DMcCunney, this is what GM CEO said in June. (It's in the second page of this story)
Every brand we offer -- from Chevrolet to Cadillac -- and nearly every vehicle we sell around the world will soon offer 4G LTE, starting next year in the United States and Canada. It's a global rollout because that's what customers want -- and we have the scale to deliver.
Er, which cars? Somehow, I doubt that will be for every GM model. I haven't looked, so I don't know what use cases GM foresees, or how they plan to market it, but I'm confident they will try to position it as a differentiator and a reason to buy a GM car over another brand.
I also suspect that inclusion in European cars was more a matter of government mandate than marketing choice, and it was a case of "The government says we have to do this. What's the cheapest way to comply?"
I don't necessarily see 2G as a problem. The built-in phone is intended to let the car make calls. The people in the car will likely have their own phones. Does the car need 3G for the sort of calls (like roadside assistance requests) that it may need to make?
And automakers aren't cheapskates - buyers are. The more expensive the components they put into cars, the higher the sticker price has to be, and price will be a factor in the purchase decision.
So for something like this, if lower end and therefore cheaper technology will meet the need, it's what will get used.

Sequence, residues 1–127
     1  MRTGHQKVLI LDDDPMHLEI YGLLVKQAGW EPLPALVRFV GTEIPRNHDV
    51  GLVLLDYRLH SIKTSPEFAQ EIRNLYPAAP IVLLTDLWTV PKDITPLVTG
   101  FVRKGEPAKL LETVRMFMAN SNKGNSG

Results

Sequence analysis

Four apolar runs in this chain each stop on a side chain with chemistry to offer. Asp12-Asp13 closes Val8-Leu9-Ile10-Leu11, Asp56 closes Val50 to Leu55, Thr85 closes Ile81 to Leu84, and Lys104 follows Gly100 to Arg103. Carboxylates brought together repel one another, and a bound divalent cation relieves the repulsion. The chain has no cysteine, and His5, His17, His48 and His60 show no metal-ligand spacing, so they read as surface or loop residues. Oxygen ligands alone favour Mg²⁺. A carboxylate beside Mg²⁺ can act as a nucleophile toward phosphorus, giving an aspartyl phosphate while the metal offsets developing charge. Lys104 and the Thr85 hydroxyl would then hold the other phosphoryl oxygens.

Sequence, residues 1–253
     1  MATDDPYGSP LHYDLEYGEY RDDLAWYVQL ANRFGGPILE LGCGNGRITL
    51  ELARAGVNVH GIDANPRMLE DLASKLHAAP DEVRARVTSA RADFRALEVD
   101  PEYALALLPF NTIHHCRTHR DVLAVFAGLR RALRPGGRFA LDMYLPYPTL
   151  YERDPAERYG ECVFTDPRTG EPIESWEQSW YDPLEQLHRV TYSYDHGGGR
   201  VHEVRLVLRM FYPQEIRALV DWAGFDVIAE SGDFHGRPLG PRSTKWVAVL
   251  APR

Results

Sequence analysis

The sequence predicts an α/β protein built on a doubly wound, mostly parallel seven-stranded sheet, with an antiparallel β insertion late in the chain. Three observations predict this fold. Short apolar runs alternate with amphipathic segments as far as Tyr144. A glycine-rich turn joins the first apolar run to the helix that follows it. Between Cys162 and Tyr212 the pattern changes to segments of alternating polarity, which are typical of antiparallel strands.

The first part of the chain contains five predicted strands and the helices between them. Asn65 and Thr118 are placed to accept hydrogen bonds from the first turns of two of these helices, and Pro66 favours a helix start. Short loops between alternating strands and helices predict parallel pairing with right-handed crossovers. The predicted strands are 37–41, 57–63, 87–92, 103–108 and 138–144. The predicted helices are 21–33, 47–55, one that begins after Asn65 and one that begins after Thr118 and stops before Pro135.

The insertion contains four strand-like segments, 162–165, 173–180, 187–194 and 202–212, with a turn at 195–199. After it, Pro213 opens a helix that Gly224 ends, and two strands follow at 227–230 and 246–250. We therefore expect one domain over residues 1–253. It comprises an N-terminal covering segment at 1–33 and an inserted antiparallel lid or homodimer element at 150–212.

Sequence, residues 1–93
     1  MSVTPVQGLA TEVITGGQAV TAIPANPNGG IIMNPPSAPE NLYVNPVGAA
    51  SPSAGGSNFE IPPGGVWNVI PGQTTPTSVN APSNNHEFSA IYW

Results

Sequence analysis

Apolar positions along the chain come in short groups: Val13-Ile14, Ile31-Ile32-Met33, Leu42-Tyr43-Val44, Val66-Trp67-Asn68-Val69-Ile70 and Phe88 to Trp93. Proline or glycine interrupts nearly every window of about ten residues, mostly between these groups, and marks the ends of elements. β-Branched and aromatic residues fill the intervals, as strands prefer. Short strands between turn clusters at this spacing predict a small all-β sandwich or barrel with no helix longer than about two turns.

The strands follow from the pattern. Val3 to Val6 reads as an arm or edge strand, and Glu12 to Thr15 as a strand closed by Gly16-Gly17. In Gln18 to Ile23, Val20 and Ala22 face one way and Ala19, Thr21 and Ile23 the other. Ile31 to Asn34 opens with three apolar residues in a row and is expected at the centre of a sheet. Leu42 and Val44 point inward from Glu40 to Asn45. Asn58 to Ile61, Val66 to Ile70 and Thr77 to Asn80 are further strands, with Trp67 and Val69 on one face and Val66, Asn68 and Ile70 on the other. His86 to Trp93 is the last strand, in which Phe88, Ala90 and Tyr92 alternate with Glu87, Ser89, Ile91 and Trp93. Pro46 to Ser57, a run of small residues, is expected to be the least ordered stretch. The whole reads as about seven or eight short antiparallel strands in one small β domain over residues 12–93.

Rick, you know what is really effective and unaffected by cellular reception issues? Rotary spark gap generators and as a bonus I am pretty sure Marconi's patents have expired. All we need is a hardened microcontroller to use the engines condenser to generate the requisit transmissions!
When consumer electroincs was my main beat at EE Times for a long time, I was always reminded that every penny counts. In other words, CE vendors will never go out of their way to add expensive chips inside their box, unless they are a real "game changer."
But now that I pursue the automotive beat, I am astounded to learn how these carmakers really ask for saving this penny here and that penny there. Wow, I had no idea!
Yeah, this reminds me how I finally got a car with a CD player about the time music went to the MP3 generation. (My next car will have an iPhone dock!)
I underdstand reliability is a top concern for carmakers, there are few robust LTE chips on the market and not all areas have LTE servcies yet, but 2G? Holy crow, why not just release a carrier pidgeon from the trunk in the event of an accident ;-)
Now, that's interesting. Thanks for your quick response.
My understanding is that the eCall is a dormant system, only triggered when an accident occurs or by the driver pushing a button manually in the car.
The European Commission even said in a statement:
"It is not traceable and when there is no emergency (its normal operational status) it is not subject to any constant tracking. As it is not permanently connected to mobile networks, hackers cannot take control of it."
But now, thatt seems a tad too optimistic, doesn't it?
Replay available now: A handful of emerging network technologies are competing to be the preferred wide-area connection for the Internet of Things. All claim lower costs and power use than cellular but none have wide deployment yet. Listen in as proponents of leading contenders make their case to be the metro or national IoT network of the future. Rick Merritt, EE Times Silicon Valley Bureau Chief, moderators this discussion. Join in and ask his guests questions.